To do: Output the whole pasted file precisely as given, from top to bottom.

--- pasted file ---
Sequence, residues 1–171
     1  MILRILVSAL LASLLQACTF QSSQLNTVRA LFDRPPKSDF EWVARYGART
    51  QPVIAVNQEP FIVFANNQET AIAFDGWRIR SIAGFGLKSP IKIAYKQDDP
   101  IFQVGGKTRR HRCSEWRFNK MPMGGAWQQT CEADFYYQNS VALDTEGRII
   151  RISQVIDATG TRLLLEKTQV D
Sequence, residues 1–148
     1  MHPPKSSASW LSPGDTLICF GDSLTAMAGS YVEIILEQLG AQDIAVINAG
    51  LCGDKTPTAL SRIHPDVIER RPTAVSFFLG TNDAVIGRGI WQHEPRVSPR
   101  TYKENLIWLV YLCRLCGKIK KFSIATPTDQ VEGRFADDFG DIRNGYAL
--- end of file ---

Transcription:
Sequence, residues 1–171
     1  MILRILVSAL LASLLQACTF QSSQLNTVRA LFDRPPKSDF EWVARYGART
    51  QPVIAVNQEP FIVFANNQET AIAFDGWRIR SIAGFGLKSP IKIAYKQDDP
   101  IFQVGGKTRR HRCSEWRFNK MPMGGAWQQT CEADFYYQNS VALDTEGRII
   151  RISQVIDATG TRLLLEKTQV D
Sequence, residues 1–148
     1  MHPPKSSASW LSPGDTLICF GDSLTAMAGS YVEIILEQLG AQDIAVINAG
    51  LCGDKTPTAL SRIHPDVIER RPTAVSFFLG TNDAVIGRGI WQHEPRVSPR
   101  TYKENLIWLV YLCRLCGKIK KFSIATPTDQ VEGRFADDFG DIRNGYAL